March is brain injury awareness month

Did you know that mTBI is often referred to as a “silent epidemic”?

It’s profoundly misunderstood, even inside the medical field. Here are a few things I’ve learned as I’ve been engulfed in traumatic brain injury world.

 

  • Brain injuries are like fingerprints-the same but different.

 

There’s something to be said about how diverse the brain is. It would depend on what part of the brain was affected. Most TBI’s have a combination of the inability to focus, speech difficulty, problems with memory-short or long term-, difficulty walking, slurred speech, and balance issues. I know every TBI is different, but the first time I went to my TBI support group, I realized that I wasn’t alone in my difficulty with my brain. There were certain things that people would say that I thought, “Me too! I thought I was just weird for doing that or thinking that!”.

 

  • We have good days and bad days, just like everyone else.

 

We have good brain days and bad brain days. Often, but not exclusively, bad brain days happen when there are certain factors present, like fatigue, dehydration, high blood sugar, overstimulation, and low blood sugar. It often takes a lot longer to recoup after one of these events. I’m often surprised that I can do one thing one day and the next day I struggle with the very same thing. There is a lot of factors that play into my wellbeing and if even one of those factors is a smidgen off, it will affect the whole event. I’ve learned to take advantage of good days and give myself (and others lol) grace on bad days. I also have to listen to my body because it often will tell me what it needs.

 

  • We are not our disability. We are individuals who have a TBI, but it doesn’t define us.

 

This took me the longest time to realize. I felt like I needed to explain why I was so different-weird if we are being honest. Now, I’m better able understand that yes, I have a TBI, but I’m so much more than that. I get overwhelmed, hangry, unfocused and at times, irritable, but I’ve learned how to manage it while not always blaming my TBI.  Everything I go through is affected by my TBI, but not solely because of my TBI. Some of it is just because I’m a 20 something trying to figure out how this whole adulting thing works.

 

  • We are still trying to figure ourselves out-even if our injury happened decades ago.

 

When I first went to my support group, I was amazed by how many people there were whose injury had occurred over 15 years ago. They are still figuring out the new person that their injury made them to be. It’s not a simple fix but a lifetime process of discovering who they are. Recovery, then, is a mental switch from constantly looking back to constantly looking forward to the adventure their TBI journey will take them-the good and the bad.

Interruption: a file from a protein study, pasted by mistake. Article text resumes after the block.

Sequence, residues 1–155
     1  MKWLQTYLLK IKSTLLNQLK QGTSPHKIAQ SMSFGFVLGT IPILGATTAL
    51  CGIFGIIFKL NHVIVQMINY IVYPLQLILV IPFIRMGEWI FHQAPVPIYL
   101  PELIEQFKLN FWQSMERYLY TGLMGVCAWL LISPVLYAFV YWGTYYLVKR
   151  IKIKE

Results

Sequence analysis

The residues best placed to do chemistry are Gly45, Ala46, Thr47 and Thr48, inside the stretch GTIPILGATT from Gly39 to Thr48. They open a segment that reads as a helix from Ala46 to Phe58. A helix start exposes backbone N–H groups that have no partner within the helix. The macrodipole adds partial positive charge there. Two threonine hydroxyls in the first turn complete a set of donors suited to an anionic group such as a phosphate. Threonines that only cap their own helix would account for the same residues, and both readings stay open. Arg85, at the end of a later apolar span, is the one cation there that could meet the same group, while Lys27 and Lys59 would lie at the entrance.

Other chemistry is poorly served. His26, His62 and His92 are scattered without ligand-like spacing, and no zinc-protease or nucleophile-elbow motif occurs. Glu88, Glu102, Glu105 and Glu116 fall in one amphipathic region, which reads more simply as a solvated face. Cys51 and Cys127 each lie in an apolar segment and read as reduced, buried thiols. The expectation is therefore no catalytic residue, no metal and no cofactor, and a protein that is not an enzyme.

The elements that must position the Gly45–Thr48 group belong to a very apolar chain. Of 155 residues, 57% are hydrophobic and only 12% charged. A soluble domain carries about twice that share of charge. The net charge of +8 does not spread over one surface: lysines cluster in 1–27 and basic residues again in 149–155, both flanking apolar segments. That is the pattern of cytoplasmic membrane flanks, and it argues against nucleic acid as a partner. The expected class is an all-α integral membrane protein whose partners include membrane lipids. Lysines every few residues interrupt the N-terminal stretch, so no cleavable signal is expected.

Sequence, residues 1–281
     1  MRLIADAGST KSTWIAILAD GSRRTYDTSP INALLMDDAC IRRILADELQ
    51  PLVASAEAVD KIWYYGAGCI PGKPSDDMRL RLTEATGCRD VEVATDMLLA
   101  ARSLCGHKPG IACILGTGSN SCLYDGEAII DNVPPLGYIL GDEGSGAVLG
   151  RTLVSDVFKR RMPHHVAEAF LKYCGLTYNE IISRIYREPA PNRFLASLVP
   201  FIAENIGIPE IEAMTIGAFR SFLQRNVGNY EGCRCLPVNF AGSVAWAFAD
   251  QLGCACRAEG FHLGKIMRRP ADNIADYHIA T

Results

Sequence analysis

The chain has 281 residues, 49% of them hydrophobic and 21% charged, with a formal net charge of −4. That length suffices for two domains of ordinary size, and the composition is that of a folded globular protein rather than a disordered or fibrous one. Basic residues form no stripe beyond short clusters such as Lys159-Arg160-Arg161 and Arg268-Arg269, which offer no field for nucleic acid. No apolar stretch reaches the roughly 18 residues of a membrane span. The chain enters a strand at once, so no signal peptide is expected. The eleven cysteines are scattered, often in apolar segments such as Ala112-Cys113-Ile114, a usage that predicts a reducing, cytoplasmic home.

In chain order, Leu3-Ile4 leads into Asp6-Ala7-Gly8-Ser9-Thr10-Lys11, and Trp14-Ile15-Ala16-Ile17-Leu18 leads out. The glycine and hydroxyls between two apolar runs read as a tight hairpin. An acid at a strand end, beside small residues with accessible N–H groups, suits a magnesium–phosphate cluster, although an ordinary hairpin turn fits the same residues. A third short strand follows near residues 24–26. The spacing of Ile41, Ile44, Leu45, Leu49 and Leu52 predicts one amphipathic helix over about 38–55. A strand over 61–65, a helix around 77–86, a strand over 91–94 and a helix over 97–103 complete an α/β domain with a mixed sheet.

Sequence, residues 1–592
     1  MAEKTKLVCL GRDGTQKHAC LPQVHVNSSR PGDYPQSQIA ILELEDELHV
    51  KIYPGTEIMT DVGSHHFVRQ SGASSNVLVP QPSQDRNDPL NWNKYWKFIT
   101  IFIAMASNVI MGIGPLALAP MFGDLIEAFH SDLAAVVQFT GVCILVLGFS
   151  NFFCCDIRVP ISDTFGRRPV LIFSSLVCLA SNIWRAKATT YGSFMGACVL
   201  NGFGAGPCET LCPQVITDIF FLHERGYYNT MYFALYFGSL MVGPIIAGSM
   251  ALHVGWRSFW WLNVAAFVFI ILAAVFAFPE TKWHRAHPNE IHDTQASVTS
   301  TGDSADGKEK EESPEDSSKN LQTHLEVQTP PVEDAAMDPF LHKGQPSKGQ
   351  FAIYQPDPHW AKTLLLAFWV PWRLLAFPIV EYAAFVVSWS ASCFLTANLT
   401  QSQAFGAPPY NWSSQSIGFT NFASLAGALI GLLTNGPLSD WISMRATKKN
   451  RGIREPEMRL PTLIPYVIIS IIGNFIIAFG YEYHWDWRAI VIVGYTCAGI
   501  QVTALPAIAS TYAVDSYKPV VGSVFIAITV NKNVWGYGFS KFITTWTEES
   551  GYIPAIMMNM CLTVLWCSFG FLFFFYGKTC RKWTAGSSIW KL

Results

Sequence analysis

• TBI survivors are literally some of the strongest people you’ll ever meet because they have overcome and are overcoming something that was meant to destroy them.

 

 

Anchored to Hope

Anchor.

That’s my word for this year.

Anchor.

Recently, I was challenged that I’m exactly where God wants me and that He has put people in my life that are meant to be there. When I think of “anchor”, I think of a ship’s anchor. The thing about that is

the anchor locks the ship down temporarily. It stabilizes it for the time being so the sailors can do what

they need to. When it’s done in that part of the ocean, it pulls up anchor and sets sail again.

That’s a lot less scary than the idea of putting down roots and God asking me me to uproot in a couple

months or even years. As I’ve begun to think about the practicality of anchoring to hope, here are a few

things I’ve learned.

  • Be open to the unexpected

Sometimes, the sweetest things come in the most unexpected packages. Things that I never expected

could be exactly my what I need in the moment. I’m learning to keep the door open to possibilities-both the

unexpected and expected.

  • Self-care is not selfish, but it anchors you.

Slowing down could be the exact thing I might need to help you remain present. It’s hard to slow the mind

down but sometimes I just need to breathe in and out. Breathing in and out anchors the soul and reminds

me that I’m exactly where I need to be. I need to take care of myself in order to take care of others. I could

get frustrated because I seem to need more rest than the average 24 year old, or I could use this time to

grow mentally and spiritually.

  • Here is where I need to be right now.

Two years ago, I wanted to be anywhere but here. Honestly, I wanted to be halfway across the world, but

I settled for Akron. Through a series of events, God brought me back to Mansfield against my will. I fought

against it for awhile, but recently, I realized that this actually is when I’m meant to be. This place-the littles

at school, my bible study and my small group girls-have a piece of my heart.

So here we are – almost a month into 2019 – and I’m figuring out how to be present and anchored in my

corner of the world. Here’s to anchoring myself to God and hoping/believing that God is moving.